For once, I was prepared for my long run!  Yesterday I bought a water bottle belt with one big bottle and a pocket for snacks.  The water bottle was a good size and the pocket can fit about 4-5 gels and my key.


When my alarm went off I still felt really tired but as usual, the thought of running by myself versus with a group got me up and at ‘em. I had a thick slice of Great Harvest with PB and J and organized my stuff.


So you’ll never believe it but continuous fueling and hydrating really improve my running.  It’s been a struggle through the season to find something that works for me.  I tried 4 different brands of gel and 3 types of gummies, all of which caused digestive grossness. Running is hard enough; a churning stomach is no help.

I finally found the Honey Stinger’s gummies to be okay.  At least, they caused the least amount of stomach aching.  This weekend, I tried the Honey Stinger’s gel, which is basically watered down honey. I prefer the gel stuff to the chews because it is one big gulp and done.  Holding the gummies + chewing while breathing + holding my pace is too much to do at once.



What is your fuel of choice?

Google helped me learn that as a starting point, about 30 g of carbs every 30-40 minutes after the first hour is an average energy intake during long distance running.    I had one Stinger gel at ~5 miles and one at ~9 miles.  I could totally tell when the first one kicked in and made sure to take the next one before I needed it.

I’m going to venture a guess and say that staying hydrated on the run also helped. I used a half tablet of nuun electrolytes since hydration doesn’t just mean water but balanced electrolytes (salt, potassium, etc).  These tablets don’t have added sugar like Gatorade which was fine since I was getting enough from the gel.  The reason for using half a tablet was to prevent stomach cramping from too many electrolytes (Stinger has some electrolytes).  Once it’s hotter outside and I’m dripping sweat, this will be even more important.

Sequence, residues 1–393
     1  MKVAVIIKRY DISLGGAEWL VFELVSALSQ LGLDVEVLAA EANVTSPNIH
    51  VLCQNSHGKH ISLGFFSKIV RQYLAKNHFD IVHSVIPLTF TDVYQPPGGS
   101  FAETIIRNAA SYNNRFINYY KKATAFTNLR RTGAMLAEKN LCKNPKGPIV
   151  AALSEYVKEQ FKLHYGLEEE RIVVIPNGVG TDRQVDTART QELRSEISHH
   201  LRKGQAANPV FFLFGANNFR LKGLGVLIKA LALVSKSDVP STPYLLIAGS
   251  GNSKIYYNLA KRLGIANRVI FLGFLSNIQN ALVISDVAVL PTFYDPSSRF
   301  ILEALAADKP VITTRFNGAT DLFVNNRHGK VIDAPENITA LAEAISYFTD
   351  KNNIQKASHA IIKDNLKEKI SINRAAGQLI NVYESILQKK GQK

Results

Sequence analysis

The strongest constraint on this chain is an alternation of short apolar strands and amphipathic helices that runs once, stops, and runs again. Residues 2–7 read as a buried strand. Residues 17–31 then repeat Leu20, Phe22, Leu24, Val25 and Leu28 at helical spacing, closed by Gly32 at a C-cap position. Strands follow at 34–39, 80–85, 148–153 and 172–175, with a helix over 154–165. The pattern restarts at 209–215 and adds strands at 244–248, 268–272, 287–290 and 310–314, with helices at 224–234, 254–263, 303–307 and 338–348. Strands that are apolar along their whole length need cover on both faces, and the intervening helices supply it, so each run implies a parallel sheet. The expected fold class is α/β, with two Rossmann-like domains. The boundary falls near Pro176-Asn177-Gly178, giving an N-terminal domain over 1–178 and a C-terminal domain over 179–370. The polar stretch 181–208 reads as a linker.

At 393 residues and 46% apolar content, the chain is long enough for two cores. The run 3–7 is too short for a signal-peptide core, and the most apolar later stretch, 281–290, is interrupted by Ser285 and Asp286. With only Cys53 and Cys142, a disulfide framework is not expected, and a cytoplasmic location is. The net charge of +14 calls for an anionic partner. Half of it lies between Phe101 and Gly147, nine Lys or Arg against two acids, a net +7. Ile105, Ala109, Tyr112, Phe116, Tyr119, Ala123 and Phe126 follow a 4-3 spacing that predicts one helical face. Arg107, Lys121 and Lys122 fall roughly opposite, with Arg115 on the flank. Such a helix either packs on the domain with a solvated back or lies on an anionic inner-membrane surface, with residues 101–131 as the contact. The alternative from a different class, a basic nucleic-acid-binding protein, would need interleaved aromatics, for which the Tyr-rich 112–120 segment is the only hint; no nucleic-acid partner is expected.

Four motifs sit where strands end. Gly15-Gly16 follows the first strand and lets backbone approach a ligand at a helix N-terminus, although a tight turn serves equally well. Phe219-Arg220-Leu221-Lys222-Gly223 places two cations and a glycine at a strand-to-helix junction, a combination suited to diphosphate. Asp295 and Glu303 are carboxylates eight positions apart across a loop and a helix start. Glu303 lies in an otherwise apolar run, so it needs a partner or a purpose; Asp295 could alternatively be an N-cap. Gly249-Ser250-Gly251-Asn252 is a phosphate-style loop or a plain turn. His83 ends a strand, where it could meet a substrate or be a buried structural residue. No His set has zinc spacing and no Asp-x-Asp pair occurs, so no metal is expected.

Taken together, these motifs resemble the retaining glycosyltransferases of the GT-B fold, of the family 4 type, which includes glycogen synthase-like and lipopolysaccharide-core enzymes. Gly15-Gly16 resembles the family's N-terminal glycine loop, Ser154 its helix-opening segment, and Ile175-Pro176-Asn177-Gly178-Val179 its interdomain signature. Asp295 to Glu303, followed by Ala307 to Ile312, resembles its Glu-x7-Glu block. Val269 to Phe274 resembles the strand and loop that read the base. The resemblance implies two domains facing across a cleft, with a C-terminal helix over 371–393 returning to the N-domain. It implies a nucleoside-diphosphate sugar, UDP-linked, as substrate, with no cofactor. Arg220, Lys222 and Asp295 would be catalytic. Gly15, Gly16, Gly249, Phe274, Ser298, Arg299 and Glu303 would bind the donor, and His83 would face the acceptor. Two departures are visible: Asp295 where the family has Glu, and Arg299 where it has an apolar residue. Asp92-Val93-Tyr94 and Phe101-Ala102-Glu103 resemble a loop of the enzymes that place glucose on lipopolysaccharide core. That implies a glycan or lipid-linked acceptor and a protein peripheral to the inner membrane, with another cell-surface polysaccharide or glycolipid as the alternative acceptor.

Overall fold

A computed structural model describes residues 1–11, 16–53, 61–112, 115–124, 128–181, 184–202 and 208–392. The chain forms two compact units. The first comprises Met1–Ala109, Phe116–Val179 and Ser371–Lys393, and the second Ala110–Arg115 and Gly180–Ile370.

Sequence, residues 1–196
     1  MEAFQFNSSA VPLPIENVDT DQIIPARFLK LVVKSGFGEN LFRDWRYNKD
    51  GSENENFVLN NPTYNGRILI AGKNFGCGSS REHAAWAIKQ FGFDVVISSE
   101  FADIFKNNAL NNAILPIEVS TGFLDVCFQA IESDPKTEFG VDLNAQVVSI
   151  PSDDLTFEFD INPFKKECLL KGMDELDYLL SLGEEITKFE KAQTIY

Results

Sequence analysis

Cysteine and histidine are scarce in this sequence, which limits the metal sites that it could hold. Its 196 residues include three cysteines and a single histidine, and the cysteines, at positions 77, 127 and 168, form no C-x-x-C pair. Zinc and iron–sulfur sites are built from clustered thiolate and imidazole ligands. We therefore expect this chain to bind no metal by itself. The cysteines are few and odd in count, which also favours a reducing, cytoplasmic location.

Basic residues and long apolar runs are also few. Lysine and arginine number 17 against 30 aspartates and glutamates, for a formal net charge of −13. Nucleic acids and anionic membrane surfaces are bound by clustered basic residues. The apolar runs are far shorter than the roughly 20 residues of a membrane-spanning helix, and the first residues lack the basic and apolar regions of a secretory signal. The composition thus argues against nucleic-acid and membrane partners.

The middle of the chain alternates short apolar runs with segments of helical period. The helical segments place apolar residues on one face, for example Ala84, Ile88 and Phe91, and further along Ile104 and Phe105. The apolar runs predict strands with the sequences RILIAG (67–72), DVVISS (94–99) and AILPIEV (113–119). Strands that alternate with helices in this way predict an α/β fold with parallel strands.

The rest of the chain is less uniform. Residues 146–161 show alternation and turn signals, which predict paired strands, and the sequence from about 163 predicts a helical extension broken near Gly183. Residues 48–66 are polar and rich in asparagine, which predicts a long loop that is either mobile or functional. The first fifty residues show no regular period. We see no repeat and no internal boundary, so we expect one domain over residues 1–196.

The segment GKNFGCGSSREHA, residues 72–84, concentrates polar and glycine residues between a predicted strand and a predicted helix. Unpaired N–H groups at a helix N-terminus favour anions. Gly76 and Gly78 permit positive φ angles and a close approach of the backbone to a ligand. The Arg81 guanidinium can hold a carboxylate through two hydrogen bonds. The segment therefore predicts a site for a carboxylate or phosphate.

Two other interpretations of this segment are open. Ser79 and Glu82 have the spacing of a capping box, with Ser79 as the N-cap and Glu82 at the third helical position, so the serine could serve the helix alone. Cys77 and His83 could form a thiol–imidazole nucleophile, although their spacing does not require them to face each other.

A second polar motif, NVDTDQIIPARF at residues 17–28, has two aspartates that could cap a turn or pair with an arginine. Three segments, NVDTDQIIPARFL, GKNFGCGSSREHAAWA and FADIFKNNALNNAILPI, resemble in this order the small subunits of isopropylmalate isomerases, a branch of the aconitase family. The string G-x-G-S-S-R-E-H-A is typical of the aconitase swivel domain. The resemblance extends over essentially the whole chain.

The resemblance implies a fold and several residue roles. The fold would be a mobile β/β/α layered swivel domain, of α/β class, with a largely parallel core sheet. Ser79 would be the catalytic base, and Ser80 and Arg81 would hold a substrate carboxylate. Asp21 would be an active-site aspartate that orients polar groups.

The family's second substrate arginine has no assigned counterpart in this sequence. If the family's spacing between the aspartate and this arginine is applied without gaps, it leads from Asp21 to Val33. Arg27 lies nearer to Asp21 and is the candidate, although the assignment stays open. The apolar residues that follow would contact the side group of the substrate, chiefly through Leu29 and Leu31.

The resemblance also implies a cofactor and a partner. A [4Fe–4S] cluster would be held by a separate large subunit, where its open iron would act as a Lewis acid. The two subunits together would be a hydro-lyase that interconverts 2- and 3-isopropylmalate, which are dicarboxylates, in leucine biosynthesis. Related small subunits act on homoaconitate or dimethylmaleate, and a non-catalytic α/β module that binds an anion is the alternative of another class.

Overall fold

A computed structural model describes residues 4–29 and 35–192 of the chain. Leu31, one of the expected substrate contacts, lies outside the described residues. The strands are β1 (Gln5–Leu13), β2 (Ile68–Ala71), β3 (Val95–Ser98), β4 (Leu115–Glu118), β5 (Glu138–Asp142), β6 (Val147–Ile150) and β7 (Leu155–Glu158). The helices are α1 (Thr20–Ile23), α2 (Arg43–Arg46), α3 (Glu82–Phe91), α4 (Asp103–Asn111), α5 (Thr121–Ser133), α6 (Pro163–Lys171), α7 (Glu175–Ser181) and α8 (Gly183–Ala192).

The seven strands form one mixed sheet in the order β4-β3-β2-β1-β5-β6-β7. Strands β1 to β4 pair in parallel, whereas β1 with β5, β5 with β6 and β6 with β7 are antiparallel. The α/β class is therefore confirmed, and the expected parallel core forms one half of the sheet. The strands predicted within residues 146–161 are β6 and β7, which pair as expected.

Not like it’s rocket science, or something I’d never heard before but seriously- WHAT a difference!  Between the stomach aches and my long-distance sports inexperience, I was all confused about what to eat and when so I went with way too little.  Once you figure out what works for you, it can make all the difference in the world.

How much of a difference you ask?  Enough to run my best long run yet!  Obviously some of this is from training but I’ve never been able to keep such a steady- and fast (for me)- pace.

  • 1st 6.5 miles:  9:23/mile pace @ even splits
  • 2nd 6.5 miles: 9:09/mile pace, negative splits each mile

I’ve never felt better after a long run- I didn’t even nap yesterday!  The 18 mile run really broke me down.  But the last two weeks have helped build me back up and restore my confidence a bit.  I think it was a good lesson in treating my body well and respecting the distance.  Intuitive eating and eating for fuel has taken on so much more meaning with training, but that’s a whole different post!

What has running (or whatever your exercise of choice is) taught you?

The Starbucks Cupcake Incident by Katie
April 30, 2010, 11:46 am
Filed under: Cupcakes, Katie, Nutrition

This article about children being likely to eat healthy food if they were given healthy food (thanks, Summer Tomato) and The Fitnessista asking if your kids [will] eat like you reminded me of a 2 minute conversation I overheard recently.

I was sitting at Starbucks doing some cover letter writing and a mom walked in with her 2 daughters: one was probably 5 and the other was at most 2 years old.  They were talking about the fun books they just bought, and I thought “awww that’s sweet, what a great mom!”

The mom started to order, including 4 Starbuck’s cupcakes, and the 5-year-old interrupted.  “Mom can I get this banana for a snack instead?”  The mother grabbed the banana out of her daughter’s hand and very firmly replied “NO! You’re getting a cupcake! You don’t need that banana.”  The little girl looked embarrassed for basically getting yelled at in front of the whole shop.


They sat down and the mom fed each daughter (one of them was still in diapers okay?) a whole, big Starbuck’s cupcake.